China Unveils Curbs on Secondary Share Sales as IPOs Speed Up

  • Private placements capped at 20 percent of total shares
  • Stocks issues have to be at least 18 months apart, says CSRC

China’s securities regulator announced new curbs on how much and often the country’s public companies can issue new shares, amid concerns that a faster pace of initial public offerings will drag down the stock market.

The number of shares issued in private placements can’t be more than 20 percent of a company’s total shares, the China Securities Regulatory Commission said in its weekly press briefing in Beijing on Friday. Non-financial companies seeking a share sale shouldn’t have a large balance of longer-term financial investments such as assets for trading or funds lent to others, the CSRC said, though it didn’t provide more details. The announcement confirms a Bloomberg News report on Thursday.

The CSRC’s move to more closely supervise stock market refinancings, which in the past year raised six times as much money as new listings, comes as it speeds up approval of initial public offerings. The regulator last month said it would take steps to control public companies from frequently refinancing or raising too much at one time.

Ken Chen, a Shanghai-based analyst with KGI Securities Co., said before the announcement that the move would help free up liquidity for IPOs.

“The cooling in economic growth and rising interest rates are making IPOs a very attractive financing channel for companies,” he said. “The market would be under too much liquidity pressure if secondary share sales go at the current speed and scale.” 

The CSRC also said that all board decisions on additional share issues need to be “in principle” no earlier than 18 months after capital raised from the last sale is in place. Sales of convertible debt, preferred shares and so-called small and quick financings on the ChiNext market are not affected.

More than 600 companies are seeking approval for first-time share sales, Fang Xinghai, vice chairman of the CSRC, said during a panel discussion at the World Economic Forum in Davos, Switzerland, last month.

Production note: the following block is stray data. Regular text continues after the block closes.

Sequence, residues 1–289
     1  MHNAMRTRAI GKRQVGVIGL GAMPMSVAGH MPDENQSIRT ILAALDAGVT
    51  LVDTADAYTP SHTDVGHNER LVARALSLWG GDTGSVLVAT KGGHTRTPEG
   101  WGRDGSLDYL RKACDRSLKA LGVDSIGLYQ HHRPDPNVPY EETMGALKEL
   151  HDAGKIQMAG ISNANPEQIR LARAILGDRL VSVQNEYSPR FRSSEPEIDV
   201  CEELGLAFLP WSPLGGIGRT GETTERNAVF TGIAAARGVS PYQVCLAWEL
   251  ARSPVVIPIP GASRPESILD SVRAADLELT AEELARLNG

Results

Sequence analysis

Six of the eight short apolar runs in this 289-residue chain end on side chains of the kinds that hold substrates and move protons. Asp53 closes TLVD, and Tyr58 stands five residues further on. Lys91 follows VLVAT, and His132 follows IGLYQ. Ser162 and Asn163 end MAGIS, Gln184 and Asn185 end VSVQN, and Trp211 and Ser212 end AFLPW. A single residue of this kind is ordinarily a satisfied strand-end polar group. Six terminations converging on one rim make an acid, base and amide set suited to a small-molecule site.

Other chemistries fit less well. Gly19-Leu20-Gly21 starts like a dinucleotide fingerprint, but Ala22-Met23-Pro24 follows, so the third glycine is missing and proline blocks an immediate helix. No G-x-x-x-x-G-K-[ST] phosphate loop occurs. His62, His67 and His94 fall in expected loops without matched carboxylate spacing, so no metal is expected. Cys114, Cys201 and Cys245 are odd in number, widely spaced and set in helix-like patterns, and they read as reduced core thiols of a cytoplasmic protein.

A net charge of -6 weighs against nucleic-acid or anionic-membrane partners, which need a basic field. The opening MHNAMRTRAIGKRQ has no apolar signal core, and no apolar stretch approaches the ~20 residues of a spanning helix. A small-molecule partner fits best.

“Reform of our capital market still falls short,” Fang said. “Should our reform be more successful, we wouldn’t have had such a long IPO backlog and our contribution to the Chinese economy would be bigger.”

The regulator approved 45 IPOs in December, the most since 1997. Such activity has led to rising concerns of a supply glut in the world’s second-biggest stock market. A rush of new listings could drain demand, as investors chase the 44 percent first-day gains, the maximum allowed under China’s trading rules and the amount by which many IPOs jump in their debuts.

Read about the coming flood of China IPOs here.

There have been 295 IPOs in China’s A-share market since Feb. 20, 2016, when Liu Shiyu became CSRC chairman, according to data compiled by Bloomberg. The companies raised 178.5 billion yuan ($26 billion) in total, the data show.

Chinese companies raised $162.6 billion through more than 500 additional share offerings over the past 12 months, according to data compiled by Bloomberg tracking completed sales. Firms raised $18.3 billion in January, the most since September, the data show.

The changes will affect market practice where companies prefer small public offerings for faster regulatory approval, and then move to private placements once listed, said Eric Liu, a partner at Linklaters LLP in Beijing.

— With assistance by Dingmin Zhang, Gary Gao, and Steven Yang

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